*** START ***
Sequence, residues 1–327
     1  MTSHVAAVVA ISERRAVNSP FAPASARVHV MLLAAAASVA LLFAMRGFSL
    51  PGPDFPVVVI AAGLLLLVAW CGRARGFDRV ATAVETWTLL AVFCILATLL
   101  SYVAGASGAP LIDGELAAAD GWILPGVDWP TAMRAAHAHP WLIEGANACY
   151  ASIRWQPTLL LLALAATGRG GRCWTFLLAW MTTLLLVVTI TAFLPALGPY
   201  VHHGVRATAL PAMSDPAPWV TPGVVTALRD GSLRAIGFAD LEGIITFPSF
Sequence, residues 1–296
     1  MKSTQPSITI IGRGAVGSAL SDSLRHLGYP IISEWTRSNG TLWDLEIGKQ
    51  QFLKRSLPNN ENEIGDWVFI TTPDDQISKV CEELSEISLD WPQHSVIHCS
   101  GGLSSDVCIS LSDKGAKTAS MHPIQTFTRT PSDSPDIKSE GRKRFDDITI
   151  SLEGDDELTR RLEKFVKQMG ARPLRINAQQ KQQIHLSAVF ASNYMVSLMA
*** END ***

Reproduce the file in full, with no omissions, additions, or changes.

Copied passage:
Sequence, residues 1–327
     1  MTSHVAAVVA ISERRAVNSP FAPASARVHV MLLAAAASVA LLFAMRGFSL
    51  PGPDFPVVVI AAGLLLLVAW CGRARGFDRV ATAVETWTLL AVFCILATLL
   101  SYVAGASGAP LIDGELAAAD GWILPGVDWP TAMRAAHAHP WLIEGANACY
   151  ASIRWQPTLL LLALAATGRG GRCWTFLLAW MTTLLLVVTI TAFLPALGPY
   201  VHHGVRATAL PAMSDPAPWV TPGVVTALRD GSLRAIGFAD LEGIITFPSF
Sequence, residues 1–296
     1  MKSTQPSITI IGRGAVGSAL SDSLRHLGYP IISEWTRSNG TLWDLEIGKQ
    51  QFLKRSLPNN ENEIGDWVFI TTPDDQISKV CEELSEISLD WPQHSVIHCS
   101  GGLSSDVCIS LSDKGAKTAS MHPIQTFTRT PSDSPDIKSE GRKRFDDITI
   151  SLEGDDELTR RLEKFVKQMG ARPLRINAQQ KQQIHLSAVF ASNYMVSLMA